Many African countries are growing at a very positive pace though there are still challenges with inclusiveness, this is according to Mina Baliamoune, Professor of Economics at the University of Florida.
The comments were made at SWIFT’s African Regional Conference in Cape Town.
Baliamoune also warned that transformation was a long road but said the right ingredients within the region were there.
“Rwanda, Kenya and Ethiopia are also making inroads,” said Baliamoune.
“The right policies are in place in most of the countries especially in macro-economic policies. There are a lot of improvements in the continent especially if one looks at the World Bank’s Doing Business Index.”
Foreign Direct Investment
Baliamoune said infrastructure remained one of the challenges in most countries which discourage not only foreign direct investments but even local investments.
“Education with a focus on skills should be one area where most governments should invest and this should be coupled with inclusiveness of groups should be at the centre of the African story,” added Baliamoune.
Baliamoune said post-2015; the world will focus on sustainability of the MDGs.
“If we transform Agriculture, for me that will be a huge step towards real transformation in the continent. Skills transfer is critical to ensuring real transformation in the continent.”
Baliamoune said Africa does not lack ideas, the challenge that remains is capital.
2015, a watershed year for Africa
Lyal White from the Gordon Institute of Business Science said structural challenges need to be addressed in the continent.
The Gordon Institute of Business Science said through its dynamic market index it sought to bring some solutions to complex challenges facing Africa growth especially in how certain structures affect growth.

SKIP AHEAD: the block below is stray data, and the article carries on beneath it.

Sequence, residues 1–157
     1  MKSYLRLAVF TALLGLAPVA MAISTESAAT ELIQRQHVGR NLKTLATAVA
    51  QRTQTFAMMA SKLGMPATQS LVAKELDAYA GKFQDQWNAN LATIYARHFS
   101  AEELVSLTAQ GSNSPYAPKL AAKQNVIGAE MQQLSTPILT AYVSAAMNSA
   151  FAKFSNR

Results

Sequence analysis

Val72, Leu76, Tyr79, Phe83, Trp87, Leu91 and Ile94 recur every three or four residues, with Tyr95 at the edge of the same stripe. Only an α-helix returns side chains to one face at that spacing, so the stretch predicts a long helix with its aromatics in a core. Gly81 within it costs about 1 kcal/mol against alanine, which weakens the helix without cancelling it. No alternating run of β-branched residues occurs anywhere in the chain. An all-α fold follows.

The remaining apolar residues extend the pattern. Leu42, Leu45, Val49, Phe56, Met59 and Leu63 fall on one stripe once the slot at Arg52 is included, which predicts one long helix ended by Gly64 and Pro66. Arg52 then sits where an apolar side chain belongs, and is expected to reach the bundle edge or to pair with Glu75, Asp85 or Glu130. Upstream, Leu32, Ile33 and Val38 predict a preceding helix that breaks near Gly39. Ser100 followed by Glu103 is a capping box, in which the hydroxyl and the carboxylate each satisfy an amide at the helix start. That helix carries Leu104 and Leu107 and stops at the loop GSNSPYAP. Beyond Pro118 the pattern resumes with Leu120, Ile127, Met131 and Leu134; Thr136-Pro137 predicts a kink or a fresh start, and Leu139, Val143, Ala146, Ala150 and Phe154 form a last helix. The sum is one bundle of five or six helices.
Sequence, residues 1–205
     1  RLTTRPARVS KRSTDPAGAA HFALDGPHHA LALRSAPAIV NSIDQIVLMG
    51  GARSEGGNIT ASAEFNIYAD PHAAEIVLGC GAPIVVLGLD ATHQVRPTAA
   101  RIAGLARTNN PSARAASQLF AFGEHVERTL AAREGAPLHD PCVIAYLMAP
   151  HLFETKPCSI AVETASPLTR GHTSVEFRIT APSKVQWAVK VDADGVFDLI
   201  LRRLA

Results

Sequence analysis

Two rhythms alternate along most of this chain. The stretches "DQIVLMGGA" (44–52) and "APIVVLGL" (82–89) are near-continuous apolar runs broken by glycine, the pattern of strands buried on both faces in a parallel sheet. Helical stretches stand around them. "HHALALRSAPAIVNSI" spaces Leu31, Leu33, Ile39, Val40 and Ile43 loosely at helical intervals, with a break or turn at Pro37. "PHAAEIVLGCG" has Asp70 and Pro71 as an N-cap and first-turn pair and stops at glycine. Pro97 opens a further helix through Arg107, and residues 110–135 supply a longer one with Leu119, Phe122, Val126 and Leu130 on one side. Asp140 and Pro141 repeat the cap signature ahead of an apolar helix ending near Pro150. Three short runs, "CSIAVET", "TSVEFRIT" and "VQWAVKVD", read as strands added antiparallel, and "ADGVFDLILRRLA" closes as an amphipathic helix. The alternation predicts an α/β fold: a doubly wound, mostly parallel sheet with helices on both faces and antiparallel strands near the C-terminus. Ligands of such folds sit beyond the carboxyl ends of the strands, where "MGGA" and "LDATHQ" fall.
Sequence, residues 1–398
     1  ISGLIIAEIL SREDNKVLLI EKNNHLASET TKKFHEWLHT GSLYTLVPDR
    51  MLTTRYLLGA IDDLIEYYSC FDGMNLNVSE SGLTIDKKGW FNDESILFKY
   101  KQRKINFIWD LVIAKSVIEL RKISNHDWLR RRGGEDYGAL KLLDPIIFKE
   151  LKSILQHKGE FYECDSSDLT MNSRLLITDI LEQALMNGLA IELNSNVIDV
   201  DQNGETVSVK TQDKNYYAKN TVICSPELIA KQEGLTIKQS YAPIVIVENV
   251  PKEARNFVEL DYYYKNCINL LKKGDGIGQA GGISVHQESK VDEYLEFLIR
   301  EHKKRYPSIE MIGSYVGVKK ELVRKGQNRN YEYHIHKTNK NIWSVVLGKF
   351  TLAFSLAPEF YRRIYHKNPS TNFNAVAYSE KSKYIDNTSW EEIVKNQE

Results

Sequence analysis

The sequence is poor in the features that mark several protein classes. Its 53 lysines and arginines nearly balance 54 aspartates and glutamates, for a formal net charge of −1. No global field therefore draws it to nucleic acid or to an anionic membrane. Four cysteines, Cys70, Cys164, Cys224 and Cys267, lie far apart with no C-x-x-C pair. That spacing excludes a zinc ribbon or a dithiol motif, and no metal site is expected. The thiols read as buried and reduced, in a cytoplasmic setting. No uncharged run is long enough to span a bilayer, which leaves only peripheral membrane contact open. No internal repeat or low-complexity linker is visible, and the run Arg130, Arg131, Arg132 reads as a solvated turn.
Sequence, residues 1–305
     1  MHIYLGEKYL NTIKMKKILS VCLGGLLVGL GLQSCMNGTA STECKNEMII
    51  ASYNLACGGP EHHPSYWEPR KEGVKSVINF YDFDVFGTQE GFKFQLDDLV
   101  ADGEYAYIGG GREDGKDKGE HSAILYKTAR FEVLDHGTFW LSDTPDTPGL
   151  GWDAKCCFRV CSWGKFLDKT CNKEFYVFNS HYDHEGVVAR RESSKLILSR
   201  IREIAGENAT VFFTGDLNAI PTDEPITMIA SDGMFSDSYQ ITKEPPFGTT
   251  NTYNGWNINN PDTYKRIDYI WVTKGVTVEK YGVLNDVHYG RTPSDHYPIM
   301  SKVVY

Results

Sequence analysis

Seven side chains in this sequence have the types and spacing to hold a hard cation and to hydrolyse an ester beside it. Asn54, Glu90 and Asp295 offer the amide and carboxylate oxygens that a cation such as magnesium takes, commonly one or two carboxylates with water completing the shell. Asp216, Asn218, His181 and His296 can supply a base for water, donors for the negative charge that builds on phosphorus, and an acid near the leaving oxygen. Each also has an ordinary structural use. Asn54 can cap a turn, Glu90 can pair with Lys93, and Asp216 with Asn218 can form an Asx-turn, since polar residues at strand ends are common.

“The data we have done through the index confirms the ‘Africa rising’ narrative, through our narrative we saw some real changes,” added White.
“The real drivers in 2015 will be elections. First in Nigeria, Burkina Faso and Burundi which will be a measure of stability in the continent.”
White added that Ebola and terrorism will also shape the growth story in the region.
“Africa has to have a voice going into the future especially in addressing the global development goals. 2015 is a watershed moment for Africa when we should deal with internal dynamics in the continent,” added White.
He added that integration and connectivity were imperative to realising Africa’s growth story saying East Africa is way advanced as far as integration is concerned.
White said for Africa’s growth story to be more realised, some of the tangible steps intended to include Al-Shabaab and Boko Haram and better visa services.
“We need to encourage other Africans to travel, improving dialogue around regional integration and develop a more coherent policy.”
Improving the supply chain
Experts who addressed the meeting called for improved supply chain management systems.
Alain Raes, Chief Executive, EMEA and Chief Executive, Asia Pacific said SWIFT has for the past 16 years seen SWIFT traffic growing at a pace of 16 per cent year-on-year. SWIFT traffic is directly correlated to economic growth, by about 2.5times, so this equates to about 5% economic growth.
He added: “Physical supply chain should be improved alongside the financial market infrastructure, which will help speed trade and payment flows. This means infrastructure should be improved such as air and road ports and harbours.”